Construction has begun on the world’s biggest offshore windfarm, 120km off the coast of the northern English county of Yorkshire.
The first of Hornsea Project One’s 174 monopile support structures (pictured) has been installed at the site. When complete, it will have a capacity of 1.2GW, making it the world’s first offshore farm to have a capacity over 1GW.
The project is being developed by Denmark’s Ã˜rsted, formally known as Dong Energy, and will produce enough power for over one million homes.
In April 2014 the UK government agreed to pay Ã˜rsted a fixed price per KWh of electricity for Hornsea’s first 15 years of operation, after which the company will get the market price.
Duncan Clark, programme director for the project, said: "Onshore, we are continuing to construct the East Coast Hub which will serve as an operations and maintenance base for our existing wind farms in the area and both Hornsea Project One, and Project Two which we took a final investment decision on last year.
"These wind farms will not only greatly contribute to the UK’s goal of decarbonising our energy system, they are also bringing jobs and investment to Grimsby and the North East."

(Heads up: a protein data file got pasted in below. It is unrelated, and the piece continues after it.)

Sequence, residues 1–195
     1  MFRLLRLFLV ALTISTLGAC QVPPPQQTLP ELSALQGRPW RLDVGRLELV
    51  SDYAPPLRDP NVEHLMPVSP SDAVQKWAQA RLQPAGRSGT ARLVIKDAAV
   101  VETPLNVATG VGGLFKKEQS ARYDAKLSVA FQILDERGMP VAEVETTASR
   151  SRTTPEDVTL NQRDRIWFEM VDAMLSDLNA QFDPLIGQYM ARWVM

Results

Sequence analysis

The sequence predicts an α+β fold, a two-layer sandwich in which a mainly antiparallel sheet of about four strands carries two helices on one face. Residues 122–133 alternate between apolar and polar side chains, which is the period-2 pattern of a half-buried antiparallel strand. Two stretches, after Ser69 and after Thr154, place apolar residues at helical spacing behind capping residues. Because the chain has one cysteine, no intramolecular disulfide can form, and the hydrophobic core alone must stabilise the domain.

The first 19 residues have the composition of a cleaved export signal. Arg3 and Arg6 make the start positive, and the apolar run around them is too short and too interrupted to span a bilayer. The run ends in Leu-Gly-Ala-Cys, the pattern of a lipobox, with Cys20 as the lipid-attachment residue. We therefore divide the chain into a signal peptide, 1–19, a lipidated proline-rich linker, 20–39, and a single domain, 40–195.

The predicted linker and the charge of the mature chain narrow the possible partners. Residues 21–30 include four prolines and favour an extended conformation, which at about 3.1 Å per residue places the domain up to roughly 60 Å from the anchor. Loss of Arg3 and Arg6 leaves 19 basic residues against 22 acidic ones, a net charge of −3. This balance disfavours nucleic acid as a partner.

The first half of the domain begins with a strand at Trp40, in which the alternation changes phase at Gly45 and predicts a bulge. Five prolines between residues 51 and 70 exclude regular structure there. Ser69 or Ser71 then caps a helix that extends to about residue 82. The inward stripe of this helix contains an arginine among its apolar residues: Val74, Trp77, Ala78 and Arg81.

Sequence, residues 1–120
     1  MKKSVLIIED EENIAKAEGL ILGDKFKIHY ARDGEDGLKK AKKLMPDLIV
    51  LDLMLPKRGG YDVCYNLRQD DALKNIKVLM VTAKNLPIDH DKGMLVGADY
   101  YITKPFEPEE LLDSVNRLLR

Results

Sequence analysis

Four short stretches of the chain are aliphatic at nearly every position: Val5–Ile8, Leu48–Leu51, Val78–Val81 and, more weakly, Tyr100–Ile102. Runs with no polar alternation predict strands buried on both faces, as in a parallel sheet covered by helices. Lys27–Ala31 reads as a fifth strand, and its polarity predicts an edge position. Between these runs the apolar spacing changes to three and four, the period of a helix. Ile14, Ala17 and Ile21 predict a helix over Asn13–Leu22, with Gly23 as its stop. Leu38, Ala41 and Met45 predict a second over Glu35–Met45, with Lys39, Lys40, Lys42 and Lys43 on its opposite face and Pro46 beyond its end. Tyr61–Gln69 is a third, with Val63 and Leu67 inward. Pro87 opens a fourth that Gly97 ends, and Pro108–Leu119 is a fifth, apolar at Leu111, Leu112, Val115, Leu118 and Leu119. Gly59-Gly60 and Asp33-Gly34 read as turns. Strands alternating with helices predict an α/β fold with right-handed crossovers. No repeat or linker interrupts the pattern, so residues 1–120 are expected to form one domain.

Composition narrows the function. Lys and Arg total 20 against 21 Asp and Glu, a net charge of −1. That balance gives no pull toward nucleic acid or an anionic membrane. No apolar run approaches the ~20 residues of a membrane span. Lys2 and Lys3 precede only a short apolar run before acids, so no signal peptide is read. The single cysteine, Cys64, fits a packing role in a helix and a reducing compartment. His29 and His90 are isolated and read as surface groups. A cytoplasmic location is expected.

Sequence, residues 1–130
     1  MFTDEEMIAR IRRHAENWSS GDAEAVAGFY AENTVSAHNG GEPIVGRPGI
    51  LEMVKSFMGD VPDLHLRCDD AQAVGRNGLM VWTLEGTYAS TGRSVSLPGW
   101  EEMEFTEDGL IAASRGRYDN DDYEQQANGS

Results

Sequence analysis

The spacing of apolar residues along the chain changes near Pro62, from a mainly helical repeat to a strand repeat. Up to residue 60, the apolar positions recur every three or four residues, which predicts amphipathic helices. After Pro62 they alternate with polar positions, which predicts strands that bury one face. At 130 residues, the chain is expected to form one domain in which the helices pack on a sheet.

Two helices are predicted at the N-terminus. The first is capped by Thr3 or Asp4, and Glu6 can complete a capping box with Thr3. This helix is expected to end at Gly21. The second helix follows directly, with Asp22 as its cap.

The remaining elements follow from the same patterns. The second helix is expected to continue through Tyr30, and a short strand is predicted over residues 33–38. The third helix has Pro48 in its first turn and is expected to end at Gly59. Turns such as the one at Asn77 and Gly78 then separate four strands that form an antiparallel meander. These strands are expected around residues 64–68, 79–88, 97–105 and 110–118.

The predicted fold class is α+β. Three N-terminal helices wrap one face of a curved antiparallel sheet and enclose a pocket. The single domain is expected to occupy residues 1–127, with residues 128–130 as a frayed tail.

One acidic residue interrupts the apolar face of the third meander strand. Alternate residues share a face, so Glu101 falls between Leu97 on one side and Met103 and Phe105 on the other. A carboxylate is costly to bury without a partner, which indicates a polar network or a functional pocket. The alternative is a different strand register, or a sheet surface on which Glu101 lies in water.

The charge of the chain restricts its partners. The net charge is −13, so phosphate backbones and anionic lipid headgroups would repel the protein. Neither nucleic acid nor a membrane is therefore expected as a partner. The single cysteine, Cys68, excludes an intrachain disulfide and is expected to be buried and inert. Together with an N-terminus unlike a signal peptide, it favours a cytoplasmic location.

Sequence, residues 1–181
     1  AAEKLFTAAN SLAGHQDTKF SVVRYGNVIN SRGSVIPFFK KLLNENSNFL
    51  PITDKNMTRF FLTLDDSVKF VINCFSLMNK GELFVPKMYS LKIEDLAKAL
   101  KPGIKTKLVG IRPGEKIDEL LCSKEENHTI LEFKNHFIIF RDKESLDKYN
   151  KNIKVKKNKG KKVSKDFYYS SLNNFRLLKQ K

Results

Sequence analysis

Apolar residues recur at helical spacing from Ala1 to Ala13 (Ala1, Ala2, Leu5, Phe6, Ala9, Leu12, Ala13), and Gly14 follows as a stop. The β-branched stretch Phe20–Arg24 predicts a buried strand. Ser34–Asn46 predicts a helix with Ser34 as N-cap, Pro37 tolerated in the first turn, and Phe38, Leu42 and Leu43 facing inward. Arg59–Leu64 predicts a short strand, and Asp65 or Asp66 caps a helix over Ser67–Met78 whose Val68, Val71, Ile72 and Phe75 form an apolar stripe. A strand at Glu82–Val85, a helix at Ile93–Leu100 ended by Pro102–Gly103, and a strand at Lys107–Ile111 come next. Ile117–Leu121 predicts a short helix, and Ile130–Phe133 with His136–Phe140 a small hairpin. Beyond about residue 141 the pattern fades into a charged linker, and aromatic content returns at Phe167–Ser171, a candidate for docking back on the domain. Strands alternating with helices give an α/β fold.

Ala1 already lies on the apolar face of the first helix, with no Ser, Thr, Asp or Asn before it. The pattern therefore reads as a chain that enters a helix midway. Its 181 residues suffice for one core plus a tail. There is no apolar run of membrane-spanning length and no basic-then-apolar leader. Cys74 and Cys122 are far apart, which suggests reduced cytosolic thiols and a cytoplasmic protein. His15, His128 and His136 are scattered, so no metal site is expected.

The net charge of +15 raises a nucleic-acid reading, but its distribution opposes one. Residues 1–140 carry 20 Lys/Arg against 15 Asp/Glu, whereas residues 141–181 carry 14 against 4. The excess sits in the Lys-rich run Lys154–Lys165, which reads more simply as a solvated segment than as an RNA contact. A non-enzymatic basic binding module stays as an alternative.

Hornsea Project One is expected to be operational in 2020.
When completed, Hornsea Projects One and Two will generate electricity for over 2.3 million UK homes.
Ã˜rsted recently released its 2017 annual report, which showed a 17% increase in operating profit from 2016.
Image courtesy of Ã˜rsted
Go go Yorkshire!!
1.2 GW sounds impressive. But with a load-factor of about 50% it will be less than half of the output of one nuclear reactor.
As we should know, wind is a varying and unreliable source of energy, needing stable back-up.
Thus 1 MWh from wind is (much) less worth than 1 MWh from nuclear.
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